I took part in a focus group in preparation for an artist residency program “AIR Vela Straža” located in old Yugoslavian Military barracks high up in the hills of Šolta Island in the Adriatic Sea south of Split. The residency, still in its planning stages by artist, and assistant professor at the Academy of fine arts in Zagreb, Marina Bauer and artist Ivana Ognyanovac with collaboration with Green Action a leading non-governmental organization for environmental protection in Croatia. Green Actions hosts several workshops over the summer for activists and young people to come together to discuss and problem solve challenging environmental concerns.
The artist residency adds a new layer to Green Action’s programming providing 15 artists the opportunity to work in a remote, natural setting to contemplate and work in response to local environmental issues including the destruction of local, old stonewalls to make way for contemporary gardening or inspired by topics covered by Green Action, such as solar energy.
“AIR Vela Straža” is a two week artist residency, the planned dates for 2016 is July 19th – July 2. Artists will be invited and have an opportunity to apply late winter or early spring. More information will be announced next year.
What amazingly talented young artists and such a beautiful community at what appears to be at the end of the world or at least in Czech Republic. We look forward to seeing the results of this special one month program and look forward to working with some of these artists in the future.
MeetingInZdonov reopened its doors to artists in residence in July 2015. Heart of the project is the large rural house that after a long process of restructuring, offers reception areas and workareas for workshops and lectures. The project is constantly changing, and this year its shape will be given by a diverse community that is connected to a larger and varied network, including intensive coaching by experienced artists and curators and visits to other art activities in the region where many other artists are involved, and a seminar about art residencies.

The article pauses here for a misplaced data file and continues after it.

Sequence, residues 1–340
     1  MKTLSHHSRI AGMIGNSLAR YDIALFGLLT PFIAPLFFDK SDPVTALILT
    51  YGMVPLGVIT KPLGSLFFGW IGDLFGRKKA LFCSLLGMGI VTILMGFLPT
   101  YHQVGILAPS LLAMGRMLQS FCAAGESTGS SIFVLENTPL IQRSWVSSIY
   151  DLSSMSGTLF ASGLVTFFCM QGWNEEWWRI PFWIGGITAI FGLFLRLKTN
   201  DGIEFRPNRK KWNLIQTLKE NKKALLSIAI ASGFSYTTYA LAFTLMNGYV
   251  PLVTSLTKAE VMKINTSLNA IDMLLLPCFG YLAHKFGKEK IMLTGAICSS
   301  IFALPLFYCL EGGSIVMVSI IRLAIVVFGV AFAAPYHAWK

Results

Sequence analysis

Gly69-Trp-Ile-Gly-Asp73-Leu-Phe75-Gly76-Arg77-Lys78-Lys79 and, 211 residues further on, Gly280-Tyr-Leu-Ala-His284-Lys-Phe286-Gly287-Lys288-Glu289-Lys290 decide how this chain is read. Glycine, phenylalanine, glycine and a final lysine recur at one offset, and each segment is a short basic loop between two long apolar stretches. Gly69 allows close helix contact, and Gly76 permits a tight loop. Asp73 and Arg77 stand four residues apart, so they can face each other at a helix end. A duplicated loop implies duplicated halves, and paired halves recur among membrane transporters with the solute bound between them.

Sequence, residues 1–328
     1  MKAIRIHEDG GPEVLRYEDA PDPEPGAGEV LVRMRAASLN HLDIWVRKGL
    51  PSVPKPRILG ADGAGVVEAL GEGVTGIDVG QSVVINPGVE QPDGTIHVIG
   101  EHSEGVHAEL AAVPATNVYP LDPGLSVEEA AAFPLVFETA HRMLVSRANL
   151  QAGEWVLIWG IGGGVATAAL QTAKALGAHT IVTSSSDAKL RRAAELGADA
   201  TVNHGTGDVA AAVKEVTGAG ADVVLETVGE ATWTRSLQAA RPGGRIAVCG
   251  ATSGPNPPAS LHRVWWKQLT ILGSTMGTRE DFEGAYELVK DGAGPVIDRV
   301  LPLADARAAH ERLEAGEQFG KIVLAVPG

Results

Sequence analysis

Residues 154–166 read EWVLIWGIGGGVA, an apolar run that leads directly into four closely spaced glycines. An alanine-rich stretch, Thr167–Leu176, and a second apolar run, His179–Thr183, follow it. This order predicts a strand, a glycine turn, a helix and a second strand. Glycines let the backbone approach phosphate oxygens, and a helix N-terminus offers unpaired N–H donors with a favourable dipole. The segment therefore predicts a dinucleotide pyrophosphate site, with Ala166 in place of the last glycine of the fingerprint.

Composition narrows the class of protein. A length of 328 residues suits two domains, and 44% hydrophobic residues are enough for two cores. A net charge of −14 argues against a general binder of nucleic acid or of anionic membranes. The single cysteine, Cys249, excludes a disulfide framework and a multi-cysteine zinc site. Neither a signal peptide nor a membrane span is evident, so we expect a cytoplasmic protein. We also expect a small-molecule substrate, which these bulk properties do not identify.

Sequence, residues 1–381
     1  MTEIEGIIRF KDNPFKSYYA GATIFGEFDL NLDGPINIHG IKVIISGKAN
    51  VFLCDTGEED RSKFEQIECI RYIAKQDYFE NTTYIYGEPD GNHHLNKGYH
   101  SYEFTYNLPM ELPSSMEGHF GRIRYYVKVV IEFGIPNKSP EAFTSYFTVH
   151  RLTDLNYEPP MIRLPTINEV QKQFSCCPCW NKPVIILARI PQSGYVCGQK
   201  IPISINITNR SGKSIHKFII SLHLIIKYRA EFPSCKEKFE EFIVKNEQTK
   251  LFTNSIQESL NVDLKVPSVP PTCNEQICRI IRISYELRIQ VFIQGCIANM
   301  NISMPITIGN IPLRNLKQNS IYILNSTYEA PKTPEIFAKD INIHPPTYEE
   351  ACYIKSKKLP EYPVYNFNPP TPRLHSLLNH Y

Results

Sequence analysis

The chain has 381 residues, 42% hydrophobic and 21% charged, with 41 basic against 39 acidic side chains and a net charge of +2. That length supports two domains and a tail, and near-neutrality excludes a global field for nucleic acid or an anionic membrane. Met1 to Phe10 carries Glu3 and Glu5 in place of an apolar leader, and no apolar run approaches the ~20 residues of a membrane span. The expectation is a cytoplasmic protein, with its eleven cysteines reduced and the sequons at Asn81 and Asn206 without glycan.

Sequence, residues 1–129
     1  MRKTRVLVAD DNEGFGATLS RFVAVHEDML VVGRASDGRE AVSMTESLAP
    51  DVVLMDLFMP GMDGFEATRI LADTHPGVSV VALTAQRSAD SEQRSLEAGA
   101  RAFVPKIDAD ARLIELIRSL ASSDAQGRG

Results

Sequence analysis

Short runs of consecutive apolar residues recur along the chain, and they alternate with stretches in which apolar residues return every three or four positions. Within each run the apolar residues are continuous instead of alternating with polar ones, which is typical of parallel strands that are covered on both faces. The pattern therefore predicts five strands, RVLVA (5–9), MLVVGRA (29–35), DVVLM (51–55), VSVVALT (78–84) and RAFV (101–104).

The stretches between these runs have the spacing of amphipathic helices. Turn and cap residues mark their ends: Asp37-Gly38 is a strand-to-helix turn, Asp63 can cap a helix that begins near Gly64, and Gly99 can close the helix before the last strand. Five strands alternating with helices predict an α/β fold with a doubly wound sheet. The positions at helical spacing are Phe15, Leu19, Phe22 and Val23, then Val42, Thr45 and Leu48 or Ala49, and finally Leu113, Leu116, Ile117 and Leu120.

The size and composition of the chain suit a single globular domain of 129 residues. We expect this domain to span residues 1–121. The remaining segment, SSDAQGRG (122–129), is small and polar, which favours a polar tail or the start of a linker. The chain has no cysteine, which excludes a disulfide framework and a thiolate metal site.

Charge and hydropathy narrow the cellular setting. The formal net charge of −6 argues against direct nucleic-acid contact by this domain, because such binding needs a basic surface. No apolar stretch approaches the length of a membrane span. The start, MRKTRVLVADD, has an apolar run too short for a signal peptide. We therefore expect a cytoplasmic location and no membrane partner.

The work I created for Inside Zone Exhibition are “Exercises in Letting Go” is the most intimate work I have made as an artist. Revisiting a place, facing memories, memorializing a relationship, reflecting and then letting go. I worked with found materials in a meditative state; the repetition of writing and fastening and finding kept my body in movement to open my heart and my mind.
For more information visit Inside Zone Residency web site.
“Standing on no man’s lands a small strip of land between Israel and Jordan. I took some moments here to feel the pavement under my feet, a safe haven from feeling like a criminal in Israel and from the anxiety of entering back into Jordan, a country I had no intent staying in for the next 5 weeks.”
I was interviewed by reporter Hrag Vartaniar with Hyperallergic, an online news site which is a forum for playful, serious, and radical perspectives on art and culture in the world today. I had an opportunity to speak about my experience trying to enter into Israel on March 22, 2015. I was detained and questioned for 6 hours at Yitzhak Rabin Border checkpoint between Aqaba, Jordan, and Eilat, Israel
As part of Celebrating Red Hook, a day-long festival celebrating everything Red Hook I worked with Amy Weng under the name of DE-CONSTRUKT [projekts] where we hosted Bloc Party, an intervention that is part experiment and part play, a project conceived over brainstorming ideas to engage the public in communication.
What is Bloc Party? Imagine one of your favorite games made out of wood pieces but now blow it up in size and add a twist. “Who inspires you most?,” “What is your greatest Secret?”
Bloc Party is both a conceptual and participatory game where passers-by are invited to join in both building and breaking down in either silence or with the added twist in conversation.
Celebrating Red Hook
Red Hook IKEA Ferry Terminal, Brooklyn, NY. 11231
Saturday July 12, 2014 12-10pm